Despite the chaos, the movie invokes an undeniable energy. In the same vein as the American style, Passport to Darkness excels in creating tense atmospheres through excellently skilled cinematography, courtesy of Kazue Nagatsuka. For instance, the scene in which the musician finds his wife's body astounds visually; in his drunken haze, practically falling over himself trying to get into bed, he perks up when he spots a large shadow on the wall that is vaguely reminiscent of a slumped body. Not knowing whether this vision is a figment of his imagination or indeed real - the audience has no idea either - the musician hauls himself off the bed to investigate. To his horror, the outline indeed divulges the very real and very dead body of his wife.


Additional stunning examples of creating apprehension through imagery involve the drawing of vertical lines to confine and distance characters throughout the film. For example, at one point the trombonist is framed between the bars of his bed post, imprisoned in his drunken daze and the confusion of his wife's disappearance before the discovery jolts him out of his stupor. Another fantastic illustration occurs when the husband tries to extract information from a potential witness in a restaurant; he stands on the left in the foreground, and the bystander is framed on the right behind some sort of blinded window in another section of the venue. Visually, neither are on the same plane, and the added division the window creates separates the two, both physically and also in terms of solving the case, since it seems the musician isn't going to get straight or even honest answers to his questions from this character.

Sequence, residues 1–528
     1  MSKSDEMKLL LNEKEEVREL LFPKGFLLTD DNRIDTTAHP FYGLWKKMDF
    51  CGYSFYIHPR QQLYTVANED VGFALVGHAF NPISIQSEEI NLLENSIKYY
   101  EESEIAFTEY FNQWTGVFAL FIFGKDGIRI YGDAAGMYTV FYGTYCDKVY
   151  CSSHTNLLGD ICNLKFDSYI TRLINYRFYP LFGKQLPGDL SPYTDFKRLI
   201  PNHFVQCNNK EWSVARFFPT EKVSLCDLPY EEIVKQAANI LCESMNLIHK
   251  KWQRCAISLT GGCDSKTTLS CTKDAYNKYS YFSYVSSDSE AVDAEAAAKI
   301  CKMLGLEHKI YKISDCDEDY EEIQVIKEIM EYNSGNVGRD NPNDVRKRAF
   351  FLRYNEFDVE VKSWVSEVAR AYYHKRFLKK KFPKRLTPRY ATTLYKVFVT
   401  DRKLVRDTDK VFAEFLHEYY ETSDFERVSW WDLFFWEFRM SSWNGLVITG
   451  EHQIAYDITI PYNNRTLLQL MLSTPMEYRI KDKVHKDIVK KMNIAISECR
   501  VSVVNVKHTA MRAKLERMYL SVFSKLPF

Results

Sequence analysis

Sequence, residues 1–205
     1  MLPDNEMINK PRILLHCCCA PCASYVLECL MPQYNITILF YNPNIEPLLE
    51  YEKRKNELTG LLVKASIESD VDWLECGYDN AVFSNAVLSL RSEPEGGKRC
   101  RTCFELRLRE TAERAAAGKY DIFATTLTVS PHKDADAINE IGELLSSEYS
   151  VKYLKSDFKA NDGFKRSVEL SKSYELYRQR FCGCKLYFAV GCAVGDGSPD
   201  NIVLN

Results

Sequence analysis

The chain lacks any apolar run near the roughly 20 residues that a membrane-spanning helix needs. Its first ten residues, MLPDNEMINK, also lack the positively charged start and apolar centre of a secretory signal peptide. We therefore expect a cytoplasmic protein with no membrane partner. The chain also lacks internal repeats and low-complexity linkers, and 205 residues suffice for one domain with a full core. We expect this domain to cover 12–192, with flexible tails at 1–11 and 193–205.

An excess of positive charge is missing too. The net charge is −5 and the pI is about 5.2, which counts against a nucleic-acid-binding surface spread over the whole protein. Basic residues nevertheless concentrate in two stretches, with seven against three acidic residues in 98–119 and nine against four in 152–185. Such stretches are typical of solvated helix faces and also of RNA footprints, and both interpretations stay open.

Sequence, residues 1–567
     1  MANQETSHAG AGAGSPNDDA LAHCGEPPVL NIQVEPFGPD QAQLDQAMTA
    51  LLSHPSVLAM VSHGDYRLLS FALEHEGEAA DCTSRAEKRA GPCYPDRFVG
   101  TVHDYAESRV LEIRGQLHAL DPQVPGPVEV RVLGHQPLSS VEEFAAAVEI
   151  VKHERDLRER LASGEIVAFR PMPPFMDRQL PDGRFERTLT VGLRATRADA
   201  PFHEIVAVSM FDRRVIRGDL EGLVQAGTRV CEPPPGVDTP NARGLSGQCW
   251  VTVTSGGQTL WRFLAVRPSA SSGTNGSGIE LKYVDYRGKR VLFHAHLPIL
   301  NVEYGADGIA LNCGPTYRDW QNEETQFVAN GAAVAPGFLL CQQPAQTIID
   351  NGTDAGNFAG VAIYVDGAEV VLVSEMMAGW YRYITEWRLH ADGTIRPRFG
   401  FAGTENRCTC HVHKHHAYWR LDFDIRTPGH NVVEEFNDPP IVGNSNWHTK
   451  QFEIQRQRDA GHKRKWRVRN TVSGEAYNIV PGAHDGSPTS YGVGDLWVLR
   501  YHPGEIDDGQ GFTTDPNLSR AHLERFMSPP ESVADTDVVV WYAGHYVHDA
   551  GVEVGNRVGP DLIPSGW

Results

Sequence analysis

This location provided some wonderful opportunities for atmospheric cinematography.

Though I'm not the most well-versed in world cinema, I am aware that foreign industries explored content and themes that were forbidden by the PCA to even insinuate in American movies during the same time periods, in this case, the mid-late 50s. Thus, I'm not sure how shocking the stark portrayal of drug use (hard stuff like heroin), violence (especially the audacity of the massive drug ring the musician stumbles upon) and blatant inclusion of homosexuality (which involves the drug lord and also a group of characters) would have been to a Japanese audience in the late 50s, though I'm guessing that none of these subjects were terribly common sights on screen at the time.


The aforementioned topics provide Passport to Darkness with bountiful twists and turns that ultimately help propel the story along. From hidden heroin uncovered in the wife's purse, to a secret relationship reveal involving an addicted model (and an attempt to go clean), to yet another undisclosed bond that helps piece the puzzle together (and eventually leads to the film's climax on a tarmac), the drug plotline in particular provides enormous tension and action. Furthermore, a character who is involved with the gang and whose story evolves greatly, Kenny, is referred to as 'gay' in the subtitles, and his characterization does not shy away from that fact. In fact, Kenny and his friends make several appearances in the picture, though at the end it's Kenny, and his intimate relationship with the drug lord himself (and another character), who delivers the payoff during the film's final scenes.

This looks dangerous...

Thread throughout those titillating sequences is a large cast of characters exhibiting varying degrees of shade, whose stories and actions zip by or unfold slowly, the latter like that of the musician's best pal in the band. With these plotlines and characters in tow, Passport to Darkness speeds through the alleys of Tokyo at a breakneck pace, and though it's hard to piece it together at times, you can't help but watch, mesmerized and fascinated, by the energy the picture radiates.

INSANE Japanese poster for Eight Hours of Fear

Eight Hours of Fear (1957)